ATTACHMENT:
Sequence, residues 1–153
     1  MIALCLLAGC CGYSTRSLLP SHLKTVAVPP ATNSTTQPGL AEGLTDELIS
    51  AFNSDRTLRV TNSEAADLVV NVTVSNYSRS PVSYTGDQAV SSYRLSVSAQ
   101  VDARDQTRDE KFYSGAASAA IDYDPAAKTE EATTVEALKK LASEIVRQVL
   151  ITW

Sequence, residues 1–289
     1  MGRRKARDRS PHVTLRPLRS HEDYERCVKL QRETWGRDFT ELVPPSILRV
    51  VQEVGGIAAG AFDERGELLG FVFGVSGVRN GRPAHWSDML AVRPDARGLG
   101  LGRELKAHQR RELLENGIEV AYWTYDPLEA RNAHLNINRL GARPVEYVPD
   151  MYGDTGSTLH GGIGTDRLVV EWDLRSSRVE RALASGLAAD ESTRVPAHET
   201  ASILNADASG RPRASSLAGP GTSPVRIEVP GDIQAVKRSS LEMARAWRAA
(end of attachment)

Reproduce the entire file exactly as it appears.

Sequence, residues 1–153
     1  MIALCLLAGC CGYSTRSLLP SHLKTVAVPP ATNSTTQPGL AEGLTDELIS
    51  AFNSDRTLRV TNSEAADLVV NVTVSNYSRS PVSYTGDQAV SSYRLSVSAQ
   101  VDARDQTRDE KFYSGAASAA IDYDPAAKTE EATTVEALKK LASEIVRQVL
   151  ITW

Sequence, residues 1–289
     1  MGRRKARDRS PHVTLRPLRS HEDYERCVKL QRETWGRDFT ELVPPSILRV
    51  VQEVGGIAAG AFDERGELLG FVFGVSGVRN GRPAHWSDML AVRPDARGLG
   101  LGRELKAHQR RELLENGIEV AYWTYDPLEA RNAHLNINRL GARPVEYVPD
   151  MYGDTGSTLH GGIGTDRLVV EWDLRSSRVE RALASGLAAD ESTRVPAHET
   201  ASILNADASG RPRASSLAGP GTSPVRIEVP GDIQAVKRSS LEMARAWRAA